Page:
Macaulay's fame as an historian, a proponent of republican ideals, and an advocate for the equal education of women was fleeting. The History of England gained her a great deal of notoriety in her own lifetime, both in the form of grudging respect from her Tory adversaries and high praise from radicals in England and revolutionaries in France and America. The poet Thomas Gray called her History of England “the most sensible, unaffected and best history of England that we have had yet.” Mercy Otis Warren claimed Macaulay's history as the inspiration for her own 1805 history of the American Revolution. Thomas Jefferson so admired her history that he ordered all eight volumes for the University of Virginia and recommended that they be made required reading. As often as not however, praise and criticism tended to focus on the unique status of Macaulay as a female historian. John Adams called Macaulay “one of the brightest ornaments not only of her sex but of her age and country.” Samuel Johnson found her criticisms of monarchs and other political figures libelous, and James Boswell quoted Johnson as saying “she is better employed at her toilet, than using her pen. It is better she should be reddening her own cheeks, than blackening other people's characters.” Even Hannah More echoed Johnson's sexist sentiments, writing that Macaulay “was not feminine either in her writing or her manners, she was only a tolerably clever man.” By the end of the eighteenth century Macaulay's social reputation had been shattered by her marriage to William Graham, and her political support for Whig radicals soon began to be seen as outmoded. In England her History of England was overshadowed by Hume's conservative History of Great Britain, and in the nineteenth century the four-volume History of the Commonwealth of England, published by William Godwin between 1824 and 1828, became the standard “radical” historical version of seventeenth-century British politics. For the next 150 years Macaulay's History of England languished in obscurity.

Modern critics have helped resurrect Macaulay's reputation to some degree. Most focus on her pioneer status as a female historian and her fall from grace due to her scandalous marriage to Graham. Some of these critics, including Lucy Donnelly, whose 1949 article on Macaulay's life and work helped renew critical interest, have called The History of England valuable despite its “absurdities … undisciplined clutter and exaggerations.” Others have argued that The History of England offered original observations and a degree of scholarship unequalled in its time. Most scholars tend to agree that Macaulay's method for writing history was unusual in its day because, unlike such contemporaries as Hume, Edward Gibbon, and Voltaire, Macaulay did not write so much with a moral purpose but to defend her own republican political positions. While this defense of republicanism may have been a factor in the earlier decline in influence of The History of England, most modern critics regard it as an important historical work regardless of the gender of its writer.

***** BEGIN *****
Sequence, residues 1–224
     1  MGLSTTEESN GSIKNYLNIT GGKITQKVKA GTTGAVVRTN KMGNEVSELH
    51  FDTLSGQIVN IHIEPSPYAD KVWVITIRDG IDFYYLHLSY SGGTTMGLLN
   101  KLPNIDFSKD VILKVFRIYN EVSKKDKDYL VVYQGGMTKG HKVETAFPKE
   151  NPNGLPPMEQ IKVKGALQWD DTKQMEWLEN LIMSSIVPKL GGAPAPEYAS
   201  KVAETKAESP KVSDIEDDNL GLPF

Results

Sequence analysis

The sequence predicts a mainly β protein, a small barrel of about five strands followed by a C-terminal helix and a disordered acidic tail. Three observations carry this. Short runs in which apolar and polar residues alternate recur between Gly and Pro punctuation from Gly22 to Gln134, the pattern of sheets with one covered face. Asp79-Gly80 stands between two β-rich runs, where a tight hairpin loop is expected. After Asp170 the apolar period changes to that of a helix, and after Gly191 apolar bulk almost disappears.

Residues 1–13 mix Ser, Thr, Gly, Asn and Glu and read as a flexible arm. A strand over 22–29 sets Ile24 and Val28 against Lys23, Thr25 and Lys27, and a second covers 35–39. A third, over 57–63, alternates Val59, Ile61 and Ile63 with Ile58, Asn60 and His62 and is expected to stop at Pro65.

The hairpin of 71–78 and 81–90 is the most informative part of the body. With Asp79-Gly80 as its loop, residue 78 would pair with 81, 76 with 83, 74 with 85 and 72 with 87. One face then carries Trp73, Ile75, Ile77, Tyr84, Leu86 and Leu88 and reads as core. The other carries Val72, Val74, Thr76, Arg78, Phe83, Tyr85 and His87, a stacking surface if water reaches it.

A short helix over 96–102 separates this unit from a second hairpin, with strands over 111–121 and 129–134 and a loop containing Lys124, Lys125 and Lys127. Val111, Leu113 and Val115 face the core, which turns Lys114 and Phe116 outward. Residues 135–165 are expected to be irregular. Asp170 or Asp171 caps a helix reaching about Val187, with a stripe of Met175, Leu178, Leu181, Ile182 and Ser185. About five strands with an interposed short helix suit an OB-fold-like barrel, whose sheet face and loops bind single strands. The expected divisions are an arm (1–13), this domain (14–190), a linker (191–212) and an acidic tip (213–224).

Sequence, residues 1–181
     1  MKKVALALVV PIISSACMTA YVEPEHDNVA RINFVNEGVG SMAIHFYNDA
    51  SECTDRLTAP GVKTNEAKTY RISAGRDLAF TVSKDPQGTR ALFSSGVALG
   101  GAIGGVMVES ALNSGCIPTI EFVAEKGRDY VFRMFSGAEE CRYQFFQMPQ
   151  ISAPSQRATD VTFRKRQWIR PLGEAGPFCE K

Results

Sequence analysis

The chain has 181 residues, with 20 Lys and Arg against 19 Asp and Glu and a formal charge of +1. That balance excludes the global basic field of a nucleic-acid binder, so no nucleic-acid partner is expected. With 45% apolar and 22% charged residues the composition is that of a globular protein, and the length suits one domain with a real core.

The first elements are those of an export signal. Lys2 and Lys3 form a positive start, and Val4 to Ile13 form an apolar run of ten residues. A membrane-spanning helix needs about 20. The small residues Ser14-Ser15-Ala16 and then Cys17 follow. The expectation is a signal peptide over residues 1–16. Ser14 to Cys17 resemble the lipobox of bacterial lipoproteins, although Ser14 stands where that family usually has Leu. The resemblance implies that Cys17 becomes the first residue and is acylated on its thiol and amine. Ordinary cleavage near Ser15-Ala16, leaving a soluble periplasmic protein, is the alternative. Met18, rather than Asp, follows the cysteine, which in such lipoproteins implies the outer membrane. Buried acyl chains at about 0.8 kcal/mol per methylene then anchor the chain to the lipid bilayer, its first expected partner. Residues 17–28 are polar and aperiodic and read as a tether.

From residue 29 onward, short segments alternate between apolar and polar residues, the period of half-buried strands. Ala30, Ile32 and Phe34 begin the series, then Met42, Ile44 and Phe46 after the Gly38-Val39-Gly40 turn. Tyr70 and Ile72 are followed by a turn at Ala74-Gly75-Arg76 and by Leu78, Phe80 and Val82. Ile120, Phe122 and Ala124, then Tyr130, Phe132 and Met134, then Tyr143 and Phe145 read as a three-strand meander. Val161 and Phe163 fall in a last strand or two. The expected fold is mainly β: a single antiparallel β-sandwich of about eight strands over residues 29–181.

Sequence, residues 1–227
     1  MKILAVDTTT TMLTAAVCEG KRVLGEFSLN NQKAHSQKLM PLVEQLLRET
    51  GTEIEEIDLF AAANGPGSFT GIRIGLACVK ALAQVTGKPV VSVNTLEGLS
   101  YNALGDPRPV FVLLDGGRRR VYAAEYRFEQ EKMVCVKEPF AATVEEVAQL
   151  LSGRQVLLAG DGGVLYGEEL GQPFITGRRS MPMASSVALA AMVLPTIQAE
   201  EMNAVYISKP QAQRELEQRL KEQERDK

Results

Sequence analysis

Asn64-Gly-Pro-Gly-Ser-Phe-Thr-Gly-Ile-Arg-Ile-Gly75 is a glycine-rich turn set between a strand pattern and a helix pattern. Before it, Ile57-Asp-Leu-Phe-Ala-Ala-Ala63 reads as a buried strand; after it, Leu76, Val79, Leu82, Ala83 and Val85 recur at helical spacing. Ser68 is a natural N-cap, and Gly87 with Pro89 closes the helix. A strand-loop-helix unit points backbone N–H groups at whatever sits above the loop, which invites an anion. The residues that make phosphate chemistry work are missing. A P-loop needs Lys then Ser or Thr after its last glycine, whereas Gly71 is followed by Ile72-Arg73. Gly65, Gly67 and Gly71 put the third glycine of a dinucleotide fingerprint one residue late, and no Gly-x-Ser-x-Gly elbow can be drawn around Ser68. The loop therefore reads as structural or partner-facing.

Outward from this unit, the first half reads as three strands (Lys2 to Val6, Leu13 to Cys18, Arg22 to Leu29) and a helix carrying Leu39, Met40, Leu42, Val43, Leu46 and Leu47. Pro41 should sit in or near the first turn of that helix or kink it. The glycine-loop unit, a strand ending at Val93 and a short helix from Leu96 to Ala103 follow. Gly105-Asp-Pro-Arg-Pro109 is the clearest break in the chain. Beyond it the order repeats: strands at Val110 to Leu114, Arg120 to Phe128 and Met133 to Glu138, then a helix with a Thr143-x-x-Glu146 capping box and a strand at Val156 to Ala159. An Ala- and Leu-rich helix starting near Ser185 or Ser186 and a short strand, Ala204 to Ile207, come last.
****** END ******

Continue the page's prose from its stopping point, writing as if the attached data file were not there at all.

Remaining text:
While her political pamphlets receive only scant attention and her philosophical and religious texts remain mostly ignored, Macaulay's Letters on Education is often studied as an early expression of feminist ideals and as a major influence on Wollstonecraft's Vindication of the Rights of Women (1792). Wollstonecraft's 1790 review of Letters on Education was glowing in its praise; later she would call Macaulay “an example of the intellectual acquirements supposed to be incompatible with the weakness of her sex.” While critics today are largely silent on many of the societal reforms Macaulay advocated in Letters on Education, all concur that it should be remembered as one of the earliest examples of political literature fighting for the equal treatment of women.